Sonos pushed out version 2.7 of its controller software last night, and I had a few minutes to play around with it before heading into work this morning. It’s awe-inspiringly good.
What is Sonos? I wrote about my purchase of the Sonos last summer, here’s my summary:
For those that don’t know what it is, the Sonos is a multi-room music system. They are tiny-ish boxes that are either powered (so that you can plug speakers directly into them) or unpowered (so you plug them into a stereo), and they communicate with each other and the wireless controller via ethernet and/or wifi. In addition to sharing your entire MP3 collection throughout the house, Sonos integrates with Rhapsody and Pandora, in addition to a slew of Internet radio stations (browsable by region as well as by genre). In short, more music than you could ever listen to is available at the touch of a button. The sound quality is spectacular, and the setup was surprisingly easy. (Like Fred, I highly recommend the Sonos/Rhapsody combo: the ability to access a library of 3m songs instantaneously and send it to any room in your house is breathtaking the first time you do it.)
We’ve now enjoyed our Sonos for almost 18 months, and it now sits right alongside our TiVo as the family’s most loved pieces of technology. Here’s what’s new in this upgrade:
- iPhone/iTouch controller: the additional remotes for the Sonos are pricey ($399 if memory serves); now an iPhone app gives you a free additional remote to control the Sonos from anywhere in the house. That’s pretty astounding – Sonos just made their system more usable and cannibalized one of their (presumably high-margin) accessories. Talk about being customer-focused!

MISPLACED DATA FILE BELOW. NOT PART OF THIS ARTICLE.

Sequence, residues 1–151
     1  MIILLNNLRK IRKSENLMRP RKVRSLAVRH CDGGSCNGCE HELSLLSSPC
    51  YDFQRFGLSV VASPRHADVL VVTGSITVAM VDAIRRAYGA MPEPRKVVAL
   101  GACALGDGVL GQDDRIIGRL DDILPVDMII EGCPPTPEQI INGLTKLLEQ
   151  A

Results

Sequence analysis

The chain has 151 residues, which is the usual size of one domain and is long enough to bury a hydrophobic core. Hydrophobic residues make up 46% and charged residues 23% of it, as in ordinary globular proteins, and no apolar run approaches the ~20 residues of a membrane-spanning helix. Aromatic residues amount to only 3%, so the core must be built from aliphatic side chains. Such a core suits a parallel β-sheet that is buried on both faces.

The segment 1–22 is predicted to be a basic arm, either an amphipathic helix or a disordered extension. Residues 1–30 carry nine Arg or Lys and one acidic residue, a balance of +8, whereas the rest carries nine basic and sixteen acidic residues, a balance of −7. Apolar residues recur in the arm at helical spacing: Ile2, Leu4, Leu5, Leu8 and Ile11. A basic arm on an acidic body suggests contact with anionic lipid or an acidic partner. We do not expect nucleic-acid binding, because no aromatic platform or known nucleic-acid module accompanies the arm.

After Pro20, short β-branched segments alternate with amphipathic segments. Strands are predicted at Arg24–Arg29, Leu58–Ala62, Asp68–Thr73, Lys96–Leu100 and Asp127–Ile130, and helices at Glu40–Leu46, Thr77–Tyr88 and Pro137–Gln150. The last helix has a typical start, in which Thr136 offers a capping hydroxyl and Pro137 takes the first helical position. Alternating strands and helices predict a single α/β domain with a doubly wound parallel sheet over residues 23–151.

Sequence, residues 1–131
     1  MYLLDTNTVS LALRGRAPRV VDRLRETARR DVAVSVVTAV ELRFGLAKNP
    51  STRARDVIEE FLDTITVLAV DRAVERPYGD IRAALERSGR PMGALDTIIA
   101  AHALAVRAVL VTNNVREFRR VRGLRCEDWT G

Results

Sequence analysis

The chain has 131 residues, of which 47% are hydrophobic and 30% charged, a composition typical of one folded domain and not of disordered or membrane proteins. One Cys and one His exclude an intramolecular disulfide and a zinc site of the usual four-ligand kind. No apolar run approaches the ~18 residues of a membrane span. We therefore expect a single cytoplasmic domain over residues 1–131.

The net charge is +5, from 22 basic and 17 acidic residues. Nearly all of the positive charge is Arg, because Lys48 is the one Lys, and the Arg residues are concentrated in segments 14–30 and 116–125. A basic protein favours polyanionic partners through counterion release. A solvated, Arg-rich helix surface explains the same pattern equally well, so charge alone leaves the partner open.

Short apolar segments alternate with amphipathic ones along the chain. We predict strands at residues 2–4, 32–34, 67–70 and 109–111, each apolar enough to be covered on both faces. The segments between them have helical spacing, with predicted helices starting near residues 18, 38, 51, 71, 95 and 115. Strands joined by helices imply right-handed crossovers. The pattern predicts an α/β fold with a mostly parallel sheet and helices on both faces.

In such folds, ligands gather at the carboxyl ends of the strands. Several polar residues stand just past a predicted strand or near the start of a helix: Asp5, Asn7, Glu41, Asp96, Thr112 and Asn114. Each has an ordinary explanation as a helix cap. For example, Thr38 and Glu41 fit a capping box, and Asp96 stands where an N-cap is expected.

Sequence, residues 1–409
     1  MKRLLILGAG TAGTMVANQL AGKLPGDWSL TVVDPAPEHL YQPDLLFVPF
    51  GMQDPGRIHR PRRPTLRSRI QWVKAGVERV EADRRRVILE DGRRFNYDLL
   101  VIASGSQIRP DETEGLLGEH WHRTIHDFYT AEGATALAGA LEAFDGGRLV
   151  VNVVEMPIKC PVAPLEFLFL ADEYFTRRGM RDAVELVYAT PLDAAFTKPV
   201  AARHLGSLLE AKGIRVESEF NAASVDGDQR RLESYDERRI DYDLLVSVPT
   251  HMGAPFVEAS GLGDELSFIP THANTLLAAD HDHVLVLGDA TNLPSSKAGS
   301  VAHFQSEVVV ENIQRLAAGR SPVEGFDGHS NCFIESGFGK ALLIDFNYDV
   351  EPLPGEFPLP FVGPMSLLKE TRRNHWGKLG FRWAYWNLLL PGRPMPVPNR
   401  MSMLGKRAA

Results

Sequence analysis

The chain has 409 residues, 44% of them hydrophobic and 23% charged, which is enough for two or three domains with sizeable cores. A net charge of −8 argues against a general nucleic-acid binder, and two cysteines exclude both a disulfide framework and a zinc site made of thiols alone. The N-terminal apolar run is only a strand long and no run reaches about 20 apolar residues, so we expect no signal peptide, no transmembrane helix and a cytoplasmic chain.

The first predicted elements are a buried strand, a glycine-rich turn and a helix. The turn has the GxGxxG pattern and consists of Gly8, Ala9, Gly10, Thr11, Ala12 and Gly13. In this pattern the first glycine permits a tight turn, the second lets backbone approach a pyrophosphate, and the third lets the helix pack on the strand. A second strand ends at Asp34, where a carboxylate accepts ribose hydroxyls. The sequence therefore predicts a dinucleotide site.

- Radio directory: The Sonos directory of radio stations worldwide was already pretty great… our favorite radio station, hands down, is MVY Radio out of Martha’s Vineyard. (Friends will recognize the blue lobster, which is one of my laptop stickers.) But the enhanced support for streaming radio stations is incredible: tell it your location and they instantly aggregate all available stations. Prefer those stations from the town where you grew up? Change your location, and there they are. More than 15,000 radio stations are indexed and easily searchable. Unlike over-the-air brodcast radio which often has pops, static or interference, radio streams are crystal-clear. (My only complaint with most commercial radio streamed online: the annoying rights issues with commercial actors whose unions didn’t grant streaming broadcast rights, resulting in pockets of dead air or muzak playing while the commercial airs but cannot stream.)
- Pandora, Last.fm are both free: looking for new music? Get started with either last.fm or Pandora (or log into your existing accounts) and you’re on your way.
- Rhapsody: Streams are upgraded from 128k WMA to 192k MP3. We continue to subscribe to Rhapsody for on-demand access to millions of songs, though I have a feeling we’ll be playing with last.fm more now that it’s integrated.
Sonos upgraded its hardware a few months ago, and while still priced right under $1000, for anyone who listens to hours of audio at home I think you’ll find this a gadget that will thoroughly enhance your audio experience.
One final note re: Sonos. I’ve had a few interactions with their team by e-mail, and I’m really impressed at how dedicated they are to not only improving the product, but at how committed they are to ensuring customers genuinely love the product. Dave is right – Sonos (the company and the product) is universally loved – and for good reason.